On Thursday, June 16, 2016, Lt. Col. Timothy Brock was awarded the Medal of Honorary Recognition by the Latvian Minister of Defense. The medal is the highest award that can be given by the MoD. Brock has been the bilateral affairs officer at the U.S. Embassy in Latvia since 2014.
The bilateral affairs officer is a position that serves as a conduit between the Michigan National Guard and the country of Latvia. Michigan and Latvia have been partners through the National Guard Bureau State Partnership Program for more than 24 years. Brock is finishing his two-year tour as the BAO and is proud of the many successes that have occurred between Latvia and Michigan during his tenure.
“Watching the success of all the teams I have brought over here has been the most enjoyable part of this job,” said Brock. “All of the milestones we’ve achieved: the RPAs [remotely piloted aircraft], and the A-10 fighters. Last year was the first time fighters have landed in the country and this year was the first time they have actually deployed to the country to take place in an exercise.”
The NGB-administered State Partnership Program aids in facilitating a long-term relationship with a state’s partner country that otherwise wouldn’t exist. Today, 70 state partnerships involving 76 countries around the globe have built durable relationships among NATO allies.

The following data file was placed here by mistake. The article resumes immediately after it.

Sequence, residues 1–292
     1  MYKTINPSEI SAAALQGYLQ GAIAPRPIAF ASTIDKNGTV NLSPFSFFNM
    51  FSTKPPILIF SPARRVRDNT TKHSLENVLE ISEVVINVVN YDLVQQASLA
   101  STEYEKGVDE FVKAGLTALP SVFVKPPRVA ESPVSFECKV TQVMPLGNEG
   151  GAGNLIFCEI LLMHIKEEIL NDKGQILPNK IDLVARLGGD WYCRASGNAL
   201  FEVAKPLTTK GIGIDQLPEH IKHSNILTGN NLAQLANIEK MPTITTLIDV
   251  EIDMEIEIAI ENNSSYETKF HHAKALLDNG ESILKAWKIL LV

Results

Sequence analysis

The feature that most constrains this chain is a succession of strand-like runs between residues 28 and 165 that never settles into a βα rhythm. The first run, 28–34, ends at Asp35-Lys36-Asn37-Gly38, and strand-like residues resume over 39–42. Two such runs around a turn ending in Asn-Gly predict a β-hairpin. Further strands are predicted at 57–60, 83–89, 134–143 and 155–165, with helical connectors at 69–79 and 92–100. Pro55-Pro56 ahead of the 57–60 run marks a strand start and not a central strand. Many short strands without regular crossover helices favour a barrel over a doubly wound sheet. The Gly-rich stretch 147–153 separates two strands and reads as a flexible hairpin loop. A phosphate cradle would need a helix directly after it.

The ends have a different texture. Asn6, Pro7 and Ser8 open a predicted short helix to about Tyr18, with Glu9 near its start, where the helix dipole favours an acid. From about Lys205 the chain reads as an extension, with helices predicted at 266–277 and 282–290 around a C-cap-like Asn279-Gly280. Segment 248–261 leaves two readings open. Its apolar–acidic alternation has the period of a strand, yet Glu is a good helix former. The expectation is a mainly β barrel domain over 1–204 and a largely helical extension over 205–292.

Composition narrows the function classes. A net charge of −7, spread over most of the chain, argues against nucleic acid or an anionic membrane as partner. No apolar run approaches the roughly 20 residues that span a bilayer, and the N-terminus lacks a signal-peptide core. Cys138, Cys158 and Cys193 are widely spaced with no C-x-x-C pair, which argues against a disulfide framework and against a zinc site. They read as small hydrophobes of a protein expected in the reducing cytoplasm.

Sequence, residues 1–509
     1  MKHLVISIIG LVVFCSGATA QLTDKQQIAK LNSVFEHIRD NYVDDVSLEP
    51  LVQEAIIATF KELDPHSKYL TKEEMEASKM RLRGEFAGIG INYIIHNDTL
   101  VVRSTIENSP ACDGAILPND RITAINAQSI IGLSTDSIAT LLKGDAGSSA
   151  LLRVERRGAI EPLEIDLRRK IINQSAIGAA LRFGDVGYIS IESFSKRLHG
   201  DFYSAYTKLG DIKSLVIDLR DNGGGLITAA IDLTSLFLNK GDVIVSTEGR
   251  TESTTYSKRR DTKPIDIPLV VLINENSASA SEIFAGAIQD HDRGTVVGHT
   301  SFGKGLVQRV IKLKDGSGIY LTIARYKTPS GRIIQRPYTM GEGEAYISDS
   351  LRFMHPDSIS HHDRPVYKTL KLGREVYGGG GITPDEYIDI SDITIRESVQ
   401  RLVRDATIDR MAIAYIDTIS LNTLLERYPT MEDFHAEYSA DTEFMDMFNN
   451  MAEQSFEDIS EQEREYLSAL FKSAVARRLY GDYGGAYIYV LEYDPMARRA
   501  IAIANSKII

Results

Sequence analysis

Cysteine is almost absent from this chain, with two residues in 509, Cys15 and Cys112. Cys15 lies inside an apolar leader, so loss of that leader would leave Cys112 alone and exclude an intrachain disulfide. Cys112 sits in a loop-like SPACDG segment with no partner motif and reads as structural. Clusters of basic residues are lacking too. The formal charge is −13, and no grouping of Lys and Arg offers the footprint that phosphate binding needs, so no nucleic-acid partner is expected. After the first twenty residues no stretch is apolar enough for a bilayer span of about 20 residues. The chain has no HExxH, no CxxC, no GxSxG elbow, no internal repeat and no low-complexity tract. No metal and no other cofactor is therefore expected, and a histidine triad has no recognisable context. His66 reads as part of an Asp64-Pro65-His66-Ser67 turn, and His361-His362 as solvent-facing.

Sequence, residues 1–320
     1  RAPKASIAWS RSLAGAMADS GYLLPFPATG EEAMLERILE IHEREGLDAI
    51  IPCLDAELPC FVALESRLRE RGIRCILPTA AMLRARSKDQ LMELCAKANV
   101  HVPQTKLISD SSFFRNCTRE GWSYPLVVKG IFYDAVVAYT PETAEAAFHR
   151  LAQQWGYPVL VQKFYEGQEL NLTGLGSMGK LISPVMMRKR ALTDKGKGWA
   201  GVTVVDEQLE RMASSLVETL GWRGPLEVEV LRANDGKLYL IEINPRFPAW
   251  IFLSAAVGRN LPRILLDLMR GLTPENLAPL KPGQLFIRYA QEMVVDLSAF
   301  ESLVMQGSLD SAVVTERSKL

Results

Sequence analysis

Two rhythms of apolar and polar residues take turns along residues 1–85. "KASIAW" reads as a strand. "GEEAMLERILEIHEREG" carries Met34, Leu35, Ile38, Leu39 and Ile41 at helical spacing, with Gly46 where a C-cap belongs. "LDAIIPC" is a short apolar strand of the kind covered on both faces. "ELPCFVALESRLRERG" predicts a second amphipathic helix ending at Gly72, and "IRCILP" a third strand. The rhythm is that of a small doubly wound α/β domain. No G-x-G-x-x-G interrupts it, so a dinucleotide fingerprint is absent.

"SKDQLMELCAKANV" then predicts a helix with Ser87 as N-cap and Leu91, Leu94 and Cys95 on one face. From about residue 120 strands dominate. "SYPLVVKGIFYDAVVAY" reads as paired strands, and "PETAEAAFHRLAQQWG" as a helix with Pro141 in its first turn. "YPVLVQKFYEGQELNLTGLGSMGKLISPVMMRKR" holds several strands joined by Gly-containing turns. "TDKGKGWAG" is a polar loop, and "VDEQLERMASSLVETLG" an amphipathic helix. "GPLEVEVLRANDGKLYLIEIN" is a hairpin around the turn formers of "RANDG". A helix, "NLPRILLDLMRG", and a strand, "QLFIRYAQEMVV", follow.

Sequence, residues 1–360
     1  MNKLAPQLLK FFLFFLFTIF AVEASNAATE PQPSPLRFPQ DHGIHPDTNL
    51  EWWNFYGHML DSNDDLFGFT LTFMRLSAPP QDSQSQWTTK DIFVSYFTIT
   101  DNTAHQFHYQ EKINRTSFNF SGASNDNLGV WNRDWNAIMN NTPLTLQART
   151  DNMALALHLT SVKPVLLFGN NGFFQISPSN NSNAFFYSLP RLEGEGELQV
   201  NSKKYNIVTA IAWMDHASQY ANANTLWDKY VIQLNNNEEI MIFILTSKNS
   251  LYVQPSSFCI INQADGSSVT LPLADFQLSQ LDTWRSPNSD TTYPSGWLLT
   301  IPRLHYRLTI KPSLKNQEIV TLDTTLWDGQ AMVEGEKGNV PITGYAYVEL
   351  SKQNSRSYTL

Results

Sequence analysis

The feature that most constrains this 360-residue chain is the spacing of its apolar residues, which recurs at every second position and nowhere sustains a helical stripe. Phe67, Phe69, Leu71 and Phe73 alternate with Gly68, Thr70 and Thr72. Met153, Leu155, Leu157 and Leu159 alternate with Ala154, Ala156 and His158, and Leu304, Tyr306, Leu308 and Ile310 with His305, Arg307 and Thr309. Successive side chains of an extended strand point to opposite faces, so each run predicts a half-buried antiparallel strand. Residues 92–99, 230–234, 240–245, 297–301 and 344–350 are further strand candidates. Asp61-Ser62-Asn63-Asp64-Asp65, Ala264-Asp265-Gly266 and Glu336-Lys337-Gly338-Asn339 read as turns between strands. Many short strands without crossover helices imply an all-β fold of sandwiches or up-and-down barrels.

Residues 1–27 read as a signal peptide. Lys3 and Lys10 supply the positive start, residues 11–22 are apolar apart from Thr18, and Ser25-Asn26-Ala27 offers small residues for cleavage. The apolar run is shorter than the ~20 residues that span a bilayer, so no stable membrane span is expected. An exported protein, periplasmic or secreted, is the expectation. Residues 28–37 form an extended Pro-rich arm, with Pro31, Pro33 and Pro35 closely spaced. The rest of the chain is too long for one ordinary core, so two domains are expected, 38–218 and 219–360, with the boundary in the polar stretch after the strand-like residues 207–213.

“The state partnership lends itself to a program that is going to be here for a long enduring timeframe. We understand where the problems are because we’ve been here and we’ve been their friends. We know how to work through the problems and solve them. They know how to talk to us because we’ve built a relationship and we can work through those things,” said Brock.
The BAO is integral to the success of the program and maintains the continuity of operations between the two partners.
Lt. Col. Timothy S. Brock is awarded the Medal of Honorary Recognition by the Latvian Minister of Defense, Raimond Bergmanis, June 16, 2016, Riga, Latvia. Brock served as chief coordinator between the Michigan National Guard and the National Armed Forces of the Republic of Latvia since 2014. (Michigan National Guard photo by Sgt. 1st Class Helen Miller/Released)
“Without the BAO to help facilitate bringing in the Michigan guys, finding out where the Latvian guys need the assistance, helping them build to a more capable military fighting force, a lot of these things wouldn’t be done,” stated Brock.
Though the active duty Army is currently rotating units through the country, they won’t have the same everlasting relationship with Latvia like the Michigan National Guard will.
“The active duty Army may bring capability to Latvia, but the state partnerships make Latvia capable and that’s the biggest difference,” said Brock.